Selling connects me to other people, plain and simple.
Sure, I could sit at a desk all day and bang out some code, create some cute graphics, and read the Internet from front to back.
I could blog using a pseudonym about how terrible my life is; hiding from taking real action to change my life into something better.
I could read what amazing adventures others are having, and live vicariously through them.
Or, I could connect, real person to real person, sharing life together.
I chose this path several years ago, inspired by my wife and her strong connection to her college roommates.
You see, I grew up in a military family and we moved around every few years. My roots weren’t deep at all. Then I met my wife, and she encouraged me subtly to explore having only a few strong relationships. Start with one, she said. Limit it to five.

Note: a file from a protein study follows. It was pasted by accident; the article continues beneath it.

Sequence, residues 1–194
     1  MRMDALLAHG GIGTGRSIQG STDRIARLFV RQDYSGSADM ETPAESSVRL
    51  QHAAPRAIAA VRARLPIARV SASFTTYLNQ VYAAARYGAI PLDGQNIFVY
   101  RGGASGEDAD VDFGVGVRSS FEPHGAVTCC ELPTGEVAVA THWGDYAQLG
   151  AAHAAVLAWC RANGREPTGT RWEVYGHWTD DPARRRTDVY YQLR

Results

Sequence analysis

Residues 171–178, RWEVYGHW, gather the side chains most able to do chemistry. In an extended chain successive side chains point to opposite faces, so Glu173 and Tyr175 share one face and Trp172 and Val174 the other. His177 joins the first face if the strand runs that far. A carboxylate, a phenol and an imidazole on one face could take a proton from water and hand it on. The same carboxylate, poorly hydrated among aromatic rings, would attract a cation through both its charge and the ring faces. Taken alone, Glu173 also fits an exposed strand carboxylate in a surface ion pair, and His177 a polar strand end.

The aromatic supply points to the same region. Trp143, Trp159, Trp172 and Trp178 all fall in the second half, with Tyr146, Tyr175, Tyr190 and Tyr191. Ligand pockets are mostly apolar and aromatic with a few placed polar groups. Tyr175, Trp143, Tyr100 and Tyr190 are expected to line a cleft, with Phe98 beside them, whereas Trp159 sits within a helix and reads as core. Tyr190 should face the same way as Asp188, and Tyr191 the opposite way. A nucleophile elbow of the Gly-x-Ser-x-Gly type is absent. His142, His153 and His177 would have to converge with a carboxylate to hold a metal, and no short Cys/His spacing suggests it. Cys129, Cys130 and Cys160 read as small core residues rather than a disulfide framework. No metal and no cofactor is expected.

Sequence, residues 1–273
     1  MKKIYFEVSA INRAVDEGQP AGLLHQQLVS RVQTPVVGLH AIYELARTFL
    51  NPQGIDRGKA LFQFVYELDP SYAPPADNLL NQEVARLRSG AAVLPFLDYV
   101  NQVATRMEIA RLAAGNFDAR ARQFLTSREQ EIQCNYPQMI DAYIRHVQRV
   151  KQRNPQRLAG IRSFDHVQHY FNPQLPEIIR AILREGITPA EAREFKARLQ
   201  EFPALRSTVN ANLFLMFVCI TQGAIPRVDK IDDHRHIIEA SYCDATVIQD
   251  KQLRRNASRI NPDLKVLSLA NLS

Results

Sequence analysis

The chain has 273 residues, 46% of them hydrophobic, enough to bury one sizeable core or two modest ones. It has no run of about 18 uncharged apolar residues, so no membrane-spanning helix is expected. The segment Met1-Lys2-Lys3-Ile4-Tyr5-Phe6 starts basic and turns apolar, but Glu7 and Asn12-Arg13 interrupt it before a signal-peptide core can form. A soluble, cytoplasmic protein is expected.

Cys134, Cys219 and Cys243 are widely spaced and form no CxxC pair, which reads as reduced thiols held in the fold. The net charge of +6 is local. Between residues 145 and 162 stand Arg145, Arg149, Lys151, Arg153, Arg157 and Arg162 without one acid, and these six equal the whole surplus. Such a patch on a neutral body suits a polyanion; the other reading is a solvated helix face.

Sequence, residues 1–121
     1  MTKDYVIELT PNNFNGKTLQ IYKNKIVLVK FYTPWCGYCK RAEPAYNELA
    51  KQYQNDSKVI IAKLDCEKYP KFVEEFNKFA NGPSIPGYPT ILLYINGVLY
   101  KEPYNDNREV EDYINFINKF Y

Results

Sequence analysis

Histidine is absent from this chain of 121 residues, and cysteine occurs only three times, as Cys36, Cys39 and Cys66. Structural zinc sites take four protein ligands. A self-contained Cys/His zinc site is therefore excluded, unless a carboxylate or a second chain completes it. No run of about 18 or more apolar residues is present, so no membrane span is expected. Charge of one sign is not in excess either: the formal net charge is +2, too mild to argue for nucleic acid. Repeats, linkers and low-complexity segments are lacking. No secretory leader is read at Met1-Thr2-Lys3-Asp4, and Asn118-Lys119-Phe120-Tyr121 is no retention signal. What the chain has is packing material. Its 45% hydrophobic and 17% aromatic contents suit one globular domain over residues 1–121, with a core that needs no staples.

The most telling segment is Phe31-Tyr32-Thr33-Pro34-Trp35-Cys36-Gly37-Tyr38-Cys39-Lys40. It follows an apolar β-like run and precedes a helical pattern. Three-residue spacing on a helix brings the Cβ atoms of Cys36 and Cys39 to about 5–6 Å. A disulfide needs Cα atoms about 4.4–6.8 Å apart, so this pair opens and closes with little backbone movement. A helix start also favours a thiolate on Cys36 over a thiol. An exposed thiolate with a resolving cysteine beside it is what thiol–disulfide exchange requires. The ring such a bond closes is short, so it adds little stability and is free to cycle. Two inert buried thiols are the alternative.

It’s made a tremendous difference in my life. I have filters on all my social media that highlight the activities of these 5 friends, first and foremost. I make an effort to get together with each of them at least once a month, outside of work and other happenstances. It doesn’t always happen, but it’s worth the effort.
My relationships and trust in these five people have allowed me to be more of myself. And not only have I become greater advocates for these five people, they’ve become my strongest advocates, as well. That kind of community can’t exist in a vacuum, and it won’t flourish in too large a group, either.
Let’s say you *are* a coder, a programmer, an online marketer, or even a genuine troll, perhaps a garden gnome. What you *do* all day doesn’t determine *who* you are. It only tells the world how you spend your time.
Riddle me this: Who are you working for? Machines? Skynet? The Matrix?
Who are you trying to connect with?
I much prefer the company of people to that of machines, don’t you?